Is their living room filled with books or motorcycle parts? Bare-walled or hung with sports regalia, political cartoons, abstract art, family photos?
A person’s home defines the person. It’s the simplest, most authentic way to give a character depth.
Above all, how does our narrator or point-of-view (pov) character feel about that environment? Are they relaxed and reassured, or uneasy and repulsed? Show their responses and you’ve helped to characterize them too.
For example, a newly famous actress visits her parents’ squalid trailer house, sidesteps the garbage, tosses off her Jimmy Choo shoes and sighs, “Home, at last!”
6. Describe a Mental Filter
A variant on the habitus technique is the mental filter that the narrator or pov character applies, perhaps unconsciously, when they assess a person or their environment.
Try it yourself.
Suppose you meet an interesting woman. What’s the first thing that impresses you? Her $500 pashmina shawl, elegantly contoured hair or impeccable manicure? Or her resemblance to Kim Kardashian?
No prizes for discovering that you are, respectively, a couturier, hair stylist or manicurist. (Or a randy young man.)
What we first notice in a stranger reveals our own personality or profession.
Likewise, if you were invited to wander around a stranger’s house at will, what would you check first? Instinctively.
The book shelves, if any? The kitchen appliances and fridge contents? The cleanliness of the bathroom? The state of the garden, if any? The market value of the property?
If you pay special attention to any one of these things, chances are you are – respectively – a book lover, keen chef, house-proud person, hobby gardener or realtor.
If you’re the pov character in a story, that little survey will have told the reader more about you than about the householder.
Let the main characters in your story make similar assessments of the people they meet. You’ve done two jobs at once!
7. Introduce a Cameo Incident
One way to introduce a major character and make them instantly unforgettable is to involve them in a revealing cameo.
In one of G. K. Chesterton’s Father Brown stories, the priest is sitting on the carpet cross-legged, trying to pin a hat onto the head of a naked doll. No explanation is given. The sole purpose of the scene is to illustrate Brown’s child-like simplicity.
In just one incident, Chesterton has summed up Father Brown.
Some critics have found a deeper explanation. Brown’s hapless job as a priest is to impose Christian morals (the hat) on recalcitrant humanity (the naked doll). The incident is symbolic.
Symbolism can add great depth to a characterizing incident. Want to suggest a character’s tacit nobility? Introduce them with a bright light shining behind their head. If they’re villains, have them step out of the shadows. A cliché, but it works.
8. Use Narrative Voice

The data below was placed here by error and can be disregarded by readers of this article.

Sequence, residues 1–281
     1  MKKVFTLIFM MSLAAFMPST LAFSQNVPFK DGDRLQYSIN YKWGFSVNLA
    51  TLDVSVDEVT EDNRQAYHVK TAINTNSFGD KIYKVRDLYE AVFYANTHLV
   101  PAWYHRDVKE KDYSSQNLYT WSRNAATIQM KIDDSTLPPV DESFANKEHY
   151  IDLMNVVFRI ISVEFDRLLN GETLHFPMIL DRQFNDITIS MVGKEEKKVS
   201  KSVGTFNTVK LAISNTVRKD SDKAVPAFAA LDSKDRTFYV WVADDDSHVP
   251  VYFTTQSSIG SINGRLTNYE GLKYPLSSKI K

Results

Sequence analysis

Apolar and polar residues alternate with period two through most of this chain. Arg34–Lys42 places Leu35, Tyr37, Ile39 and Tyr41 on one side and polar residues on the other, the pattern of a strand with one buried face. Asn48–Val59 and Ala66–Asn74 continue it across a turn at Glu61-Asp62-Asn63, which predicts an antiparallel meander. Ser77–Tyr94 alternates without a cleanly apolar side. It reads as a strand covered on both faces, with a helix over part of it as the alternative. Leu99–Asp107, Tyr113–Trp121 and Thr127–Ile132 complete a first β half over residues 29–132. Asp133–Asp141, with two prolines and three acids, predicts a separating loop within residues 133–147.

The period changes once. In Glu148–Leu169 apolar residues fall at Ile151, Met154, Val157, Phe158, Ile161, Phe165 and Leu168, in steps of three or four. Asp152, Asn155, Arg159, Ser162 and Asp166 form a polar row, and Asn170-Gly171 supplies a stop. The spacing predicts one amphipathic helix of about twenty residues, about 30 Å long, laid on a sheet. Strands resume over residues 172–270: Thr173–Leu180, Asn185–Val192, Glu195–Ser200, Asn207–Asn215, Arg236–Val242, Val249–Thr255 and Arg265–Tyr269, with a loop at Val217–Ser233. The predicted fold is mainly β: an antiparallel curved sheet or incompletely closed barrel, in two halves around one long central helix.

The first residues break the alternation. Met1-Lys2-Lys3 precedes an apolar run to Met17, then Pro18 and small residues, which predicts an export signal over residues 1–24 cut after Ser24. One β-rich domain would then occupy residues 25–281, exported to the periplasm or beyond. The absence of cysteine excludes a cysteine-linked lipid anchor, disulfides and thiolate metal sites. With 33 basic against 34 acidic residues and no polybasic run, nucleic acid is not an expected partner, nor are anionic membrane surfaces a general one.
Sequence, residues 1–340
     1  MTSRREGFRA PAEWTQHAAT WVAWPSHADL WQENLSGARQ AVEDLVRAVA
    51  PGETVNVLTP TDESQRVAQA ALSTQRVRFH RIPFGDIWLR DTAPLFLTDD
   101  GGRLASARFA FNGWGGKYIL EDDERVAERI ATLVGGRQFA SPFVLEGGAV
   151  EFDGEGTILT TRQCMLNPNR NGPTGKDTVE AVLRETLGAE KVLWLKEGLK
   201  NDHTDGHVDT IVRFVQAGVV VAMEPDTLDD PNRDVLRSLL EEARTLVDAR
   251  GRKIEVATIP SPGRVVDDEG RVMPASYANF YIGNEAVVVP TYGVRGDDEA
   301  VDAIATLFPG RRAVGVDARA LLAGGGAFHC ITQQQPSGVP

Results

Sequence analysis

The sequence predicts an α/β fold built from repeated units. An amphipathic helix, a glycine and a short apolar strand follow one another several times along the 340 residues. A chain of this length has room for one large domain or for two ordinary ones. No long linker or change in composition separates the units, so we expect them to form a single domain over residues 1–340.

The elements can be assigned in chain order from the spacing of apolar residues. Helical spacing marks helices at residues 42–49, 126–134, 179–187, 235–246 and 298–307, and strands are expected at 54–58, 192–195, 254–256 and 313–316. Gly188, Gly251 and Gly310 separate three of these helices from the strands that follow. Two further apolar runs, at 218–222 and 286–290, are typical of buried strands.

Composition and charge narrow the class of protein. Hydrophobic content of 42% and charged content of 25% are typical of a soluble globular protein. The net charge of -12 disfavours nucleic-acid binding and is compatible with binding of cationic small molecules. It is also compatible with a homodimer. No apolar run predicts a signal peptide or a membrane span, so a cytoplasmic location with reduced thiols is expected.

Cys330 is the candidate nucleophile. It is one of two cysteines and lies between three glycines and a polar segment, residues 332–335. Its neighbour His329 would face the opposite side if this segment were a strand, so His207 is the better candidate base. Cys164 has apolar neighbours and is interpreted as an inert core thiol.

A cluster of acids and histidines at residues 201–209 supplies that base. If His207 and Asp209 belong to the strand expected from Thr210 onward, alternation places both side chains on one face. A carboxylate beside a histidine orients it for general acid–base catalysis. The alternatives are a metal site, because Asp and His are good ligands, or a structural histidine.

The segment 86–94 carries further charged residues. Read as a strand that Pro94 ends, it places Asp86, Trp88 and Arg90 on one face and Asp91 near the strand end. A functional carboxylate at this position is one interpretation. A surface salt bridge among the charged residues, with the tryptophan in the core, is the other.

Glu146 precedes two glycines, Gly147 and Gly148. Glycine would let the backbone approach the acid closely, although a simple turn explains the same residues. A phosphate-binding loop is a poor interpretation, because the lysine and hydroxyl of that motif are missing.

This is a trick of characterization that the reader doesn’t see coming.
Entire scenes are written in a voice or style peculiar to the main character in that scene. Not just the dialogue, but every word of exposition (description or explanation) too.
The pov can be that of the narrator, author, or any character you wish. But the chosen idioms, vocabulary and sentence rhythms indicate, subliminally, whose scene it is.
For example, both these passages are written by the omniscient author but each has the distinctive voice of their principal characters:
‘The lab was precisely cuboid, 20 meters on each side, with titanium-reinforced concrete walls that were tested to stop an 81mm mortar. But they weren’t as tough as its Chief Clinician, Jane Mandrake – 6ft 1in, 210 lbs – whose wiry fingers could rip apart a one-inch phone book.’
‘The lab was a womb of light, fragrant with chlorine. She was scared to speak lest her breath contaminate its purity. Jane gripped her arm with a hand as big as a catcher’s mitt. But it was surprisingly soft. As she would soon discover, Jane was a lady of paradox.’
It’s not hard to tell by their narrative voices alone, which scene applies to each character. The mature scientist uses precise clinical descriptions; the impressionable young girl – newly enlisted as a lab assistant – thinks in sensual terms and metaphors.
Their characters have depth before their persons have even been described.
In a complex novel, the major characters will acquire several layers of depth as the story proceeds. The plot events will round the characters.
But our first task is to bond the reader with the narrator or protagonist(s). Their viewpoint – the ‘I/eye’ in the story – is the place where the reader will sit throughout a long journey.
Unless we’re writing pulp, we’d better furnish that place quickly, and as richly as we can. One of the most successful ways to do so is to create memorable characters.
What quirks of character have you found memorable in the stories you’ve read? How did the author do it? Share your experiences in a comment below. Every comment gets a fast, thoughtful reply.
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About the author:
Dr John Yeoman, PhD Creative Writing, is a top-rated Amazon novelist. He judges the Writers’ Village story competition and is a tutor in creative writing at a UK university. He has been a successful commercial author for 42 years. You can find a wealth of ideas for writing stories that succeed and gain a big 10,000 word ebook – 15 Wily Ways to Write Better Stories – in his free 14-part course at Writers’ Village.